He tore away half the prize story sharply and wiped himself with it.
He lives in a world of transitory reading, where permanence can be torn away and used for practical ends. And where his day’s plan is found in a here-today-gone-tomorrow newspaper: “What time is the funeral? Better find out in the paper.” We read the book slowly in order to measure for ourselves the passage of time.
He walked cheerfully towards the mosque of the baths. Remind you of a mosque, redbaked bricks, the minarets. College sports today I see. He eyed the horseshoe poster over the gate of college park: cyclist doubled up like a cod in a pot. Damn bad ad. Now if they had made it round like a wheel. Then the spokes: sports, sports, sports: and the hub big: college. Something to catch the eye.
Bloom at his creative best. Bloom is an advertising man. Wherever he goes he is checking for new ideas to put into advertisements. We today, in our world of 24-hour promotions, are even more immersed in this way of thinking than Dubliners in 1904. “Something to catch the eye” is a motto of Ulysses also, and how to read it. First, because the entire book is riddled with the everyday words of newspapers, noticeboards, hoardings, tickets, programs, flyers, menus &c. – the ephemeral printed language of the city. We are made to see all of this. Far from being written out of the script, it becomes integral, is enjoined, is part of the script. We read the multiple distractions on show everywhere. Then also, “something to catch the eye” is Joyce’s own working aesthetic. His novel is itself a parade of word surprises. Even the paragraph we just heard has mosque, redbaked, minarets, horseshoe, cod in a pot. We are presented with a profusion of gorgeous vocabulary that keeps our attention and elevates the entire reading experience.
Bloom stayed in his walk to watch a typesetter neatly distributing type. Reads it backwards first. Quickly he does it. Must require some practice that. mangiD. kcirtaP. Poor papa with his hagadah book, reading backwards with his finger to me … How quickly he does that job. Practice makes perfect. Seems to see with his fingers.
Bloom at the newspaper office. The more we read Ulysses, the more we read it backwards. The more progress we make going forwards, the more enjoyable we find it going back to previous references. The internal monologues, for example, grow with re-reading. Just the shift in thought in this passage – from typesetter to hagadah to exodus – makes increasing sense when re-read. Carl Jung, when he read Ulysses, said, ““The book can just as well be read backwards, for it has no back and no front, no top and no bottom. Everything could easily have happened before, or might have happened afterwards.” The name typeset backwards is that of the departed Patrick Dignam, reminder too that Ulysses, though set on one day in time, tells everyone’s stories backwards through time. Although we know life goes on, Bloomsday itself is the culmination of everything up until that moment, which we look back from in order to see how we arrived at this present moment.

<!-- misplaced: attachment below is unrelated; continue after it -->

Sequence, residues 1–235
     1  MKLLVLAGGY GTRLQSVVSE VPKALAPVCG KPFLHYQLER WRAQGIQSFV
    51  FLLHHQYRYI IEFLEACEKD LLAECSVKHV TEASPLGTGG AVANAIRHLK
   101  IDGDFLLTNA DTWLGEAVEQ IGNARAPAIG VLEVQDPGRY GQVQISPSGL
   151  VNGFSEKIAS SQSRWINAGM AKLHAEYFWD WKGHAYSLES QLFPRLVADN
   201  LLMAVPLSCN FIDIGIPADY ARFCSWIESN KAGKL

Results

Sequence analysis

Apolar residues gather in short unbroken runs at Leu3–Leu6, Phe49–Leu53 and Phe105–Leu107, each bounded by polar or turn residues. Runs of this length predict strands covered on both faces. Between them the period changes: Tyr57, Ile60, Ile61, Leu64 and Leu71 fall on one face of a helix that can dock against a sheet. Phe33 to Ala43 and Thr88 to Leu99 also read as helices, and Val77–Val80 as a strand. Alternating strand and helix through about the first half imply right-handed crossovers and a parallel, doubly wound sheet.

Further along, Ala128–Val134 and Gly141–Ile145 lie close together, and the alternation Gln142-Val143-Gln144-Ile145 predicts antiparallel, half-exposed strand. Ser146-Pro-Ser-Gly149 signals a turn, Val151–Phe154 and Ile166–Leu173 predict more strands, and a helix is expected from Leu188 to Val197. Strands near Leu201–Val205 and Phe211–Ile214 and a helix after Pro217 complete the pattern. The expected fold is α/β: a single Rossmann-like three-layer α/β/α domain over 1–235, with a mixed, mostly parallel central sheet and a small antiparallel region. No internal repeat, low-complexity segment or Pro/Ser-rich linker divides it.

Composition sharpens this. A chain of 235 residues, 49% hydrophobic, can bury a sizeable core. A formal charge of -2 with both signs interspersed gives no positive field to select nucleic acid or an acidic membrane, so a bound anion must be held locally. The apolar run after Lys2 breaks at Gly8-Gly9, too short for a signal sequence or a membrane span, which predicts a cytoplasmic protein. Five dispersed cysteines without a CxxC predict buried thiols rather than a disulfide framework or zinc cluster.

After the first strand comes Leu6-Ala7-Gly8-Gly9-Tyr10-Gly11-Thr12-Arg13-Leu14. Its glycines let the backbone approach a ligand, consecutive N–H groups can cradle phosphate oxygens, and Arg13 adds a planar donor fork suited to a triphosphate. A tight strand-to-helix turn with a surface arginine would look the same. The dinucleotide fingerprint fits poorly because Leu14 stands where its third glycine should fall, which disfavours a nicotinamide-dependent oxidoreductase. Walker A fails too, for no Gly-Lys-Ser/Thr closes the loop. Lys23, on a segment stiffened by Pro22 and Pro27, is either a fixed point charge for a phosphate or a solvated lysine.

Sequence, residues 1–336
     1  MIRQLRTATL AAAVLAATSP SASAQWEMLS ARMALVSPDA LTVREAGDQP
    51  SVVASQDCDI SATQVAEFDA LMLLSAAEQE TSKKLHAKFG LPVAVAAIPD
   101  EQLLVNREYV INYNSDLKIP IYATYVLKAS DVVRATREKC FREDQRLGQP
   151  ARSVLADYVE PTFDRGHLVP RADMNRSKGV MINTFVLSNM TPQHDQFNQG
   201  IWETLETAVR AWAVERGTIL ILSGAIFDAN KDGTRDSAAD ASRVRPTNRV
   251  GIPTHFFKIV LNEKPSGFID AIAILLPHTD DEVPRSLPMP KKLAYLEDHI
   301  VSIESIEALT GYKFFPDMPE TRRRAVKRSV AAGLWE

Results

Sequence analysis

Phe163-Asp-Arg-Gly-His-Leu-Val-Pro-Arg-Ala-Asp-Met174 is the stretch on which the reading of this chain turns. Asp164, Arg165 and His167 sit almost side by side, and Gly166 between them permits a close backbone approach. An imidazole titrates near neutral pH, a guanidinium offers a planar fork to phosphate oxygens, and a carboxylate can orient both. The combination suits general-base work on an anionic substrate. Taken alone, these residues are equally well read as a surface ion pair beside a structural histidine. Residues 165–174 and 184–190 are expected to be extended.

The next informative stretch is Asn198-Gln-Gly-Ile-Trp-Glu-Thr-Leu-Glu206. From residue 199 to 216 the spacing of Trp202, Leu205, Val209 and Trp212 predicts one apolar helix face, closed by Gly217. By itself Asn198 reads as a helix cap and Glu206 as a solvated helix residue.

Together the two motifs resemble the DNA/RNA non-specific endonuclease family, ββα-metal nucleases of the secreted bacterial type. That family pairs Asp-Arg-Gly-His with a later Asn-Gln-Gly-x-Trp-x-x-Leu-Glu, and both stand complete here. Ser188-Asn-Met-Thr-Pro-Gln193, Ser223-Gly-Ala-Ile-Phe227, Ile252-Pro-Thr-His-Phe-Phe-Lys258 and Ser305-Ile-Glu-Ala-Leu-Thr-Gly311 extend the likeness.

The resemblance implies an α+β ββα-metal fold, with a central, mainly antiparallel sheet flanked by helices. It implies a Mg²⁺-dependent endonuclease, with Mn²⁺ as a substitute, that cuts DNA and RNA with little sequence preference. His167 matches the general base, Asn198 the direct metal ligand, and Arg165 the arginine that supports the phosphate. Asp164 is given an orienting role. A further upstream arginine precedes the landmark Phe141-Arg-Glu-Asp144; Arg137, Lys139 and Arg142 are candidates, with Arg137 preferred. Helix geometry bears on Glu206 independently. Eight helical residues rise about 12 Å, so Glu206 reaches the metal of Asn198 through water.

-Silence for my brandnew riddle!
Lenehan announces in the Freeman’s Journal office and it takes four pages of Dublin talk before we get the answer to “What opera resembles a railway line?”
-The Rose of Castille. See the wheeze? Rows of cast steel. Gee!
Joyce once said that if the Catholic Church could base its foundation on a pun (You are a rock and on you I will build a rock) then it ought to be good enough for him. The Dubliners themselves thrive on punning right through the narrative. Joyce’s “employment of puns is daunting and programmatic” (Peter Porter), such that almost anything in the text could have a double meaning. When a friend once criticised his overuse of puns as trivial, Joyce replied: “Yes. Some of the means I use are trivial – and some are quadrivial.” Although it seems accidental in its placement, Lenehan’s joke about the Rose of Castille itself becomes layered with Freudian and other meanings once we make the connection that Molly Bloom, who grew up in Gibraltar, is herself a rose of Castille who resides, we know, in a house near a railway line. She imitates the sounds of the trains during her monologue.
A procession of whitesmocked men marched slowly towards him along the gutter, scarlet sashes across their boards. Bargains … He read the scarlet letters on their five tall white hats: H, E, L, Y, S. Wisdom Hely’s. Y lagging behind drew a chunk of bread from under his foreboard, crammed it into his mouth and munched as he walked. Our staple food.
The HELYS men are emblematic of how words come together and break up again. Later, Bloom crosses Westmoreland Street “when apostrophe S had plodded by.” This is poetic and linguistic consciousness itself at work, where the very letters of the alphabet are characters in the novel. Joyce invites us to read words in this way, so that we not only hear and see the construction of English vocabulary, but how words fragment, how syllables carry effect, how sound itself is life in the making. Ulysses contains innumerable plays on the structure of words and is one reason for reading it aloud.